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Discussion Starter · #1 ·
I have a new sp101 that doesn't much care for 357's, the empties won't eject. I have tried a cylinder hone but still 357 empties still stick. I compared a 357 Blackhawk I use for CAS and the empties just slide in and out, any suggestions. Thanks
 

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Obvious first questions:

1) What's the ammo?
2) Define 'stick'.
3) How are you cleaning the cylinder after shooting.
 

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I would first try a different ammo before assuming something is wrong with the gun. Do 38 sp. also get stuck?
 

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I have a new sp101 that doesn't much care for 357's, the empties won't eject. I have tried a cylinder hone but still 357 empties still stick. I compared a 357 Blackhawk I use for CAS and the empties just slide in and out, any suggestions. Thanks
My SP101 is only about a year old and it's throats are a bit "snug". The throats measure .357 and the cylinder was a bit grippy but only with some handloads- Full power factory .357 ammo didn't stick.

If by "sticking", however, you mean the cases won't fully eject with the ejector rod? ...that's normal. The ejector rod doesn't have enough stroke, even with my 3-1/16" barreled SP, for longer.357 brass to completely clear the chamber- .38 brass will.

The proper way to eject empties with a revolver (any revolver) in a defensive role is to tip the revolver muzzle up and smack the ejector rod smartly twice with the palm/heel of your hand then tip the revolver muzzle down to reload. At least this was the way I was taught when I went through LEO academy. This procedure clears the empties just fine on my SP.
 

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Discussion Starter · #5 ·
Thanks for the replies. By sticking I mean stuck, won't budge, I have to use a knife edge to get them started moving out. I have a Rossi, snub nose 38 and the cases just fall right out. I have 4 357 Blackhawks and again the cases just fall right out or need very little push to get them started. With the sp101 it doesn't seem to matter much, heavy load or lighter loads. With my Blackhawks I can put an empty case into all the chambers of the cylinder with no resistance, with the sp101 there is resistance 1/4 inch in and then you have to really push to full seat the empty case, a loaded round will drop right in. This started with the very first loads I tried, 38's are a little better, but this is a 357 and that's what I bought it for. Weather has been bad here will try to shoot it again this week end with different loads. Thanks Cowboy Owen
 

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I think you should call Ruger.

I'm curious though... When you insert an empty, that's been fired from your SP, does the empty slide in smoothly but tightly once the resistance is felt? or does it feel a little rough as your inserting past the point where resistance is felt?

If it's just rough feeling then a little polishing compound such as Remington 40X bore cleaner (more of a liquid) or J-B bore paste on a patch which is wrapped around a nylon bore brush and worked back and forth can smooth up a rough cylinder.

It it's smooth but still too tight then I don't think any more "polishing" or "honing" would help.

I would like to know what the cylinder throats of your SP measure? If I had an inside mic I could measure the cylinder/chamber I.D. of my SP and we could compare notes but with calipers all I can do is measure the throats.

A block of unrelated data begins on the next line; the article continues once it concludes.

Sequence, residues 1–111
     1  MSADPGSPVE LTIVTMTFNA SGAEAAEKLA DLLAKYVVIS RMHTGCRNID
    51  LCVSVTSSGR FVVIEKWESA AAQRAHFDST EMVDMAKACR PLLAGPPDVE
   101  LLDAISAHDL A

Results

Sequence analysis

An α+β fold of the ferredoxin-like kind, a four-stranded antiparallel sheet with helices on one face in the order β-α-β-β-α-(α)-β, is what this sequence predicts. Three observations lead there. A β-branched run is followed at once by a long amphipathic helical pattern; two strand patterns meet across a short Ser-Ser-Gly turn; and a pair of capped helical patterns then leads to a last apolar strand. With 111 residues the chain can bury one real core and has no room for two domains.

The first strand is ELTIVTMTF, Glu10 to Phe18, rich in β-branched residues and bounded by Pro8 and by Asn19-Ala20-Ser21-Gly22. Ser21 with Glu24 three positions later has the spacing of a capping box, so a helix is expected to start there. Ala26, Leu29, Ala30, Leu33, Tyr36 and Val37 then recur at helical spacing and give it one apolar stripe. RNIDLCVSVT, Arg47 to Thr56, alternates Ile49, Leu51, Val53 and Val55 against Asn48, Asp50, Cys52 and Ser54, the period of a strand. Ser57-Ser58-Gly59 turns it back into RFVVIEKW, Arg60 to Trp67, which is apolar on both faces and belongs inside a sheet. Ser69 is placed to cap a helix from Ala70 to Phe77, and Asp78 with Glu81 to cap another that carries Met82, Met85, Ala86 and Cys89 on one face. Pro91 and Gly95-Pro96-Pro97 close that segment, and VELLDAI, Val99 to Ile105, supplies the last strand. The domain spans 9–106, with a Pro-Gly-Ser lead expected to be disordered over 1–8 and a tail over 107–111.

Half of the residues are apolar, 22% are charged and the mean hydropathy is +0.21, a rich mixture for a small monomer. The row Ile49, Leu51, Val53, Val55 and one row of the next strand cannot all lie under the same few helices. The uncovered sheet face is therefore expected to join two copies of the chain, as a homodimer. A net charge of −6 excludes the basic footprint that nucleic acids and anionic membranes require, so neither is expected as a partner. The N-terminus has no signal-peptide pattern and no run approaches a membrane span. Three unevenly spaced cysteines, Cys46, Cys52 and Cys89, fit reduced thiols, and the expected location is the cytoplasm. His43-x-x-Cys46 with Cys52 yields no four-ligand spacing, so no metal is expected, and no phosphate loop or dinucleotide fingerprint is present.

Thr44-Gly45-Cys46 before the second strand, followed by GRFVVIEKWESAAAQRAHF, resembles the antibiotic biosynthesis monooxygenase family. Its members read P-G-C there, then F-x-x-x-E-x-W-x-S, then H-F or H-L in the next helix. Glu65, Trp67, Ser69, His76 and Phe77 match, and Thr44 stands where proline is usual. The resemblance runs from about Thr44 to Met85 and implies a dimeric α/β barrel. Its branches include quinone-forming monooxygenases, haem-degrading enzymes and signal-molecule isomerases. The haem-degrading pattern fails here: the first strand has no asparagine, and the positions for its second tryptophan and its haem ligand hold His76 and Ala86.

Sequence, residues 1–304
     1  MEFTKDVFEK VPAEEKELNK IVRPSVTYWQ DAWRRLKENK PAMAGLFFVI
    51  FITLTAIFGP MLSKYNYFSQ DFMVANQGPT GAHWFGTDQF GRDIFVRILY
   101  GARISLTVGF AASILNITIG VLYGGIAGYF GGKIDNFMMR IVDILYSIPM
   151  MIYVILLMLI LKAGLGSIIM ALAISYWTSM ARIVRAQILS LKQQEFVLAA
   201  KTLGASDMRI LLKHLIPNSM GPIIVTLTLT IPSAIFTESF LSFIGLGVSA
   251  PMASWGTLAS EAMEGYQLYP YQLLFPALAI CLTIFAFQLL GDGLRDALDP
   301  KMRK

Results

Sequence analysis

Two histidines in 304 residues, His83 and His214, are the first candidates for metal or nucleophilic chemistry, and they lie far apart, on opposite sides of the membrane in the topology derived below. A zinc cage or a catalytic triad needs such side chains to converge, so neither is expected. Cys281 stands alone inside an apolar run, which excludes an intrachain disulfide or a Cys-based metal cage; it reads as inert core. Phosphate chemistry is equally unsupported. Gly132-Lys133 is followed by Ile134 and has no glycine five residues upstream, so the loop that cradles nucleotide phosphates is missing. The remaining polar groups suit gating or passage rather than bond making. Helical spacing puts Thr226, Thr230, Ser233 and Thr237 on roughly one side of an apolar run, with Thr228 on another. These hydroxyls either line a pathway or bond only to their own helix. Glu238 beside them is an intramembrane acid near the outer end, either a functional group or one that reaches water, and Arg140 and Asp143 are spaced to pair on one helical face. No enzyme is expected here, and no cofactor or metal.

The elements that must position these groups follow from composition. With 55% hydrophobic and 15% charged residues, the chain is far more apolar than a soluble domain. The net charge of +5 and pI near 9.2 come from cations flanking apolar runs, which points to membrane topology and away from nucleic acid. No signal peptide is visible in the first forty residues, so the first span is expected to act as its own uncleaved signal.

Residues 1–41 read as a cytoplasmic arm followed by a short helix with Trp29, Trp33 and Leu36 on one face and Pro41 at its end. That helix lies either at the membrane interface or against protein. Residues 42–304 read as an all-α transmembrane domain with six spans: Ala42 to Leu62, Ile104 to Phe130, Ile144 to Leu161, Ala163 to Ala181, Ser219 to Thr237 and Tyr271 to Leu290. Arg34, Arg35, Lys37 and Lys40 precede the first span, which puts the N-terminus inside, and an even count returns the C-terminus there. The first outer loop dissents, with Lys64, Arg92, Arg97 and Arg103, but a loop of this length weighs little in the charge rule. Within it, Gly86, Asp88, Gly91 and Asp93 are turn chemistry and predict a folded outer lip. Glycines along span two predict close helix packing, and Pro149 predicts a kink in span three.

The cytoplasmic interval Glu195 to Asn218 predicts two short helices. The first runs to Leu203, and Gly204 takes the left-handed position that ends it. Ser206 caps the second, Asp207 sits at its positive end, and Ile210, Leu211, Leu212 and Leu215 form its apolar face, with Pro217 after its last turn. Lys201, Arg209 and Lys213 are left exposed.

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I kind of take it for granted now that, if I buy a Ruger, the cylinder will get replaced. Batting almost a thousand now with single and double action. Give them a call.
 

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I kind of take it for granted now that, if I buy a Ruger, the cylinder will get replaced. Batting almost a thousand now with single and double action. Give them a call.
If that's true, then I'd expect you'd have either gave up on Ruger, or would have figured out you should take a gauge and a range rod to the shop with you to confirm fit before putting money on the barrel head.
 

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I've had some dirty ammo that made my new sp101 do the same about but was not nearly as hard to eject as you describe using a knife. when I first got it. And was a bit tough ejecting first time to range. At first I thought it was maybe old grease left from manufacturing since it was new and my first revolver. But then saw the rounds must have landed on my shop floor at some time. But looking back still think may have been a mix of both because cleaned it afterwards with hoppes bore cleaner in cyclinder and haven't had a issue since. About 300 rnds now. Good luck
 

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If that's true, then I'd expect you'd have either gave up on Ruger, or would have figured out you should take a gauge and a range rod to the shop with you to confirm fit before putting money on the barrel head.
Most guns were bought online. Silly me, expecting a gun to be right. It really was not a big deal, because it cost me nothing to cycle the gun back to Ruger, and they returned it quickly, working as it should. I have not lost my interest in Ruger, especially single action. As far as buying locally, I did actually look at a Super Blackhawk yesterday.

My 44 Special Flat Top was bought locally, and its need for a new cylinder was not apparent until fired, showing two cylinders firing off group, high and left. My gunsmith test fired it and got the same result. It is still a bit off, as Ruger's test target shows, but groups are tighter now, good enough for unrested shooting..
 
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